The self-driving version of the Chevrolet Bolt is the second generation of vehicles capable of handling nearly all road situations on their own without driver intervention. They are equipped with the latest array of equipment, including cameras, radar, sensors and other hardware designed and built by GM and its suppliers.

The new version of the self-driving Bolts must still be driven with a person behind the wheel who is alert and ready to take control if necessary.•

From Cade Metz at Wired:

IN FEBRUARY 1975, a group of geneticists gathered in a tiny town on the central coast of California to decide if their work would bring about the end of the world. These researchers were just beginning to explore the science of genetic engineering, manipulating DNA to create organisms that didn’t exist in nature, and they were unsure how these techniques would affect the health of the planet and its people. So, they descended on a coastal retreat called Asilomar, a name that became synonymous with the guidelines they laid down at this meeting—a strict ethical framework meant to ensure that biotechnology didn’t unleash the apocalypse.

Forty-two years on, another group of scientists gathered at Asilomar to consider a similar problem. But this time, the threat wasn’t biological. It was digital. In January, the world’s top artificial intelligence researchers walked down the same beachside paths as they discussed their rapidly accelerating field and the role it will play in the fate of humanity. It was a private conference—the enormity of the subject deserves some privacy—but in recent days, organizers released several videos from the conference talks, and some participants have been willing to discuss their experience, shedding some light on the way AI researchers view the threat of their own field.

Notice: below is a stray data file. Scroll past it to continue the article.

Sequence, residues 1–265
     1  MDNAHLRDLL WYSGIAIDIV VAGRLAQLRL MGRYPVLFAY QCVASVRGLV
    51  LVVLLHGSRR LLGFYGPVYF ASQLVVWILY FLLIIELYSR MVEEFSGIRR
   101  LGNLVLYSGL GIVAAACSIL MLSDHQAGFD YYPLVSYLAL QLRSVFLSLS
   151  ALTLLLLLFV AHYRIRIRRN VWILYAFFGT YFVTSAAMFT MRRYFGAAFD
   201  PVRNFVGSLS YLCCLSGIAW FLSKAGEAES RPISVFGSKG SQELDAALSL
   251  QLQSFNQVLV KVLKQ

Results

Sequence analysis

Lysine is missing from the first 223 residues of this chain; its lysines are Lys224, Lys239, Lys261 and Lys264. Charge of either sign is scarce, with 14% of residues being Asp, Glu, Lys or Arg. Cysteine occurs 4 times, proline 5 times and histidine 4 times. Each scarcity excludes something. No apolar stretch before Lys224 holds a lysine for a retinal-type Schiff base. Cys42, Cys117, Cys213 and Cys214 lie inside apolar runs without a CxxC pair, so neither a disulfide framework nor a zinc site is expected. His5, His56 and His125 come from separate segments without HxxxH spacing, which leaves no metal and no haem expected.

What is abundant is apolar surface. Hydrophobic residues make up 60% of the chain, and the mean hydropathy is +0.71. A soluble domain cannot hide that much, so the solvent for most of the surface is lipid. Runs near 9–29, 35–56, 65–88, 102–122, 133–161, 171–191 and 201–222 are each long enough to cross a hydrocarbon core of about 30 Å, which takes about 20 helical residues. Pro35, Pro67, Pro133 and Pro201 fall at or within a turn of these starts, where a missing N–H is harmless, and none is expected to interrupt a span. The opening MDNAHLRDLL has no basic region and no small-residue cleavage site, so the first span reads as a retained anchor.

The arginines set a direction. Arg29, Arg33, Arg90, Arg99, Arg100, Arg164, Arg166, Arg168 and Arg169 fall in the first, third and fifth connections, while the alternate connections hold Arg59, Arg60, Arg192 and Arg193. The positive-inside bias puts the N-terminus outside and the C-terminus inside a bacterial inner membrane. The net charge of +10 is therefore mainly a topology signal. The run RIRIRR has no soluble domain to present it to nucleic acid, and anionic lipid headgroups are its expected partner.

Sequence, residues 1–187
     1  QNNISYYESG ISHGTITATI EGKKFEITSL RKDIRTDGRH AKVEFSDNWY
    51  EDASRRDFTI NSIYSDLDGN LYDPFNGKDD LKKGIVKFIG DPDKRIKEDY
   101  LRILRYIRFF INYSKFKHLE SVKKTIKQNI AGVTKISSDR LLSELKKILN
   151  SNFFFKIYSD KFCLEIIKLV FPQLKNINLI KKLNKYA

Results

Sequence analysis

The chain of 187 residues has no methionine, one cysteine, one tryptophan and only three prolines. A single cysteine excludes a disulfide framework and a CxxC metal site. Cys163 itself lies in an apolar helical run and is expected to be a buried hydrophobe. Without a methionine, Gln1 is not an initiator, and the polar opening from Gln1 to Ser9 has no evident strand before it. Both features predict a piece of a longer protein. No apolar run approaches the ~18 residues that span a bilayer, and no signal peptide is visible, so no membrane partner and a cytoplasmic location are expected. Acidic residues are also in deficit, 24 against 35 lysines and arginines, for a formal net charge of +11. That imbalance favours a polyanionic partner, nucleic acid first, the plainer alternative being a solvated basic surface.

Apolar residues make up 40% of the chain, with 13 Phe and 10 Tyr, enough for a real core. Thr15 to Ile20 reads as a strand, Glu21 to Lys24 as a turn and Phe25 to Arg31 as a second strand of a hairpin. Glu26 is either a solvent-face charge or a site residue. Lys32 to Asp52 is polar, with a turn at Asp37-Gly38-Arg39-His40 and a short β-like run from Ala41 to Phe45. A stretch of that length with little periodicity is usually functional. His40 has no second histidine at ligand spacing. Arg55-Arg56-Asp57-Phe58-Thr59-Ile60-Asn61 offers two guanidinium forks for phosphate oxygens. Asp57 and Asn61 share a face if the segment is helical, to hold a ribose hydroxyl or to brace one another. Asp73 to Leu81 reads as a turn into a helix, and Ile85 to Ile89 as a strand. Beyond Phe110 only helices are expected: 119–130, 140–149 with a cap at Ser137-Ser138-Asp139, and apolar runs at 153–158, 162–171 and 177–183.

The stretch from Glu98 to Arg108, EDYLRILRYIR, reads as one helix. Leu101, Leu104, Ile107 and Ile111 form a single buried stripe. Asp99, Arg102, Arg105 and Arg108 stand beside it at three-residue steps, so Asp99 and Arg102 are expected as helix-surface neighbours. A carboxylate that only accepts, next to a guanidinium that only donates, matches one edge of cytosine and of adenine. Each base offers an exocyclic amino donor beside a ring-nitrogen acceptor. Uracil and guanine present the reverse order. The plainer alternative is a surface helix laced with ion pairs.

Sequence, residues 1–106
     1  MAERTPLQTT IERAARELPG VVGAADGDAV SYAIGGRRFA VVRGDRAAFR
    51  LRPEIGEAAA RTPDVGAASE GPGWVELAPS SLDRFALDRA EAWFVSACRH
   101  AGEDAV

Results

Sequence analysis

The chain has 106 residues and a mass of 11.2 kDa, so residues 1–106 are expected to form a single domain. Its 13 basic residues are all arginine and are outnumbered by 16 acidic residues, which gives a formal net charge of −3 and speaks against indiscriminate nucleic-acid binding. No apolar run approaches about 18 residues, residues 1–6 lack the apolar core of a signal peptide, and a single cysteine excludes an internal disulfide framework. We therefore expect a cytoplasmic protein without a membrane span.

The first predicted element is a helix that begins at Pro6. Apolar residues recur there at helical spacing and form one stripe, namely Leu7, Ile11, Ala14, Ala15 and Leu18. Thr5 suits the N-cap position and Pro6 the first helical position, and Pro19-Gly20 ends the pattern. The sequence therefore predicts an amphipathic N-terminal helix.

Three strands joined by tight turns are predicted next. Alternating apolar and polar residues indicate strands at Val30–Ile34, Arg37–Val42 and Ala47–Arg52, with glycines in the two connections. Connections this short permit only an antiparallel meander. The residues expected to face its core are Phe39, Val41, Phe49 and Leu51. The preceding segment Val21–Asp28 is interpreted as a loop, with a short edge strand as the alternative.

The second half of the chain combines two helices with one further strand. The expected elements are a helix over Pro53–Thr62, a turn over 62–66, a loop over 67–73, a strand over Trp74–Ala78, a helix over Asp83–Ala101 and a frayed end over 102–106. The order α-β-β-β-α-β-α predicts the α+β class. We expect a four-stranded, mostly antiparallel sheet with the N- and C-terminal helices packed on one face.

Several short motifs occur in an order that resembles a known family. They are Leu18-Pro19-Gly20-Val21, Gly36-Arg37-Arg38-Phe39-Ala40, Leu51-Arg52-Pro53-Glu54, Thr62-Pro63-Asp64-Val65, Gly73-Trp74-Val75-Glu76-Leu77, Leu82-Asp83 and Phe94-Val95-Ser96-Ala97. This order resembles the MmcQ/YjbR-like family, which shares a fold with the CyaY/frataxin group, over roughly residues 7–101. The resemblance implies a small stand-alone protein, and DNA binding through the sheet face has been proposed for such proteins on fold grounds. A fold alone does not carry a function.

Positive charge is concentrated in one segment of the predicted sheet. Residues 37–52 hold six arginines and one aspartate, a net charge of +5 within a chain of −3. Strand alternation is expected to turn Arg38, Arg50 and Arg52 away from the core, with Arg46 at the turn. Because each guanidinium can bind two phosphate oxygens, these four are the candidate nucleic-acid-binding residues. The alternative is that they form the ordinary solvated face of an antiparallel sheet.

Yes, they discussed the possibility of a superintelligence that could somehow escape human control, and at the end of the month, the conference organizers unveiled a set of guidelines, signed by attendees and other AI luminaries, that aim to prevent this possible dystopia. But the researchers at Asilomar were also concerned with more immediate matters: the effect of AI on the economy.

“One of the reasons I don’t like the discussions about superintelligence is that they’re a distraction from what’s real,” says Oren Etzioni, CEO of the Allen Institute for Artificial Intelligence, who attended the conference. “As the poet said, have fewer imaginary problems and more real ones.”

At a time when the Trump administration is promising to make America great again by restoring old-school manufacturing jobs, AI researchers aren’t taking him too seriously. They know that these jobs are never coming back, thanks in no small part to their own research, which will eliminate so many other kinds of jobs in the years to come, as well. At Asilomar, they looked at the real US economy, the real reasons for the “hollowing out” of the middle class. The problem isn’t immigration—far from it. The problem isn’t offshoring or taxes or regulation. It’s technology.•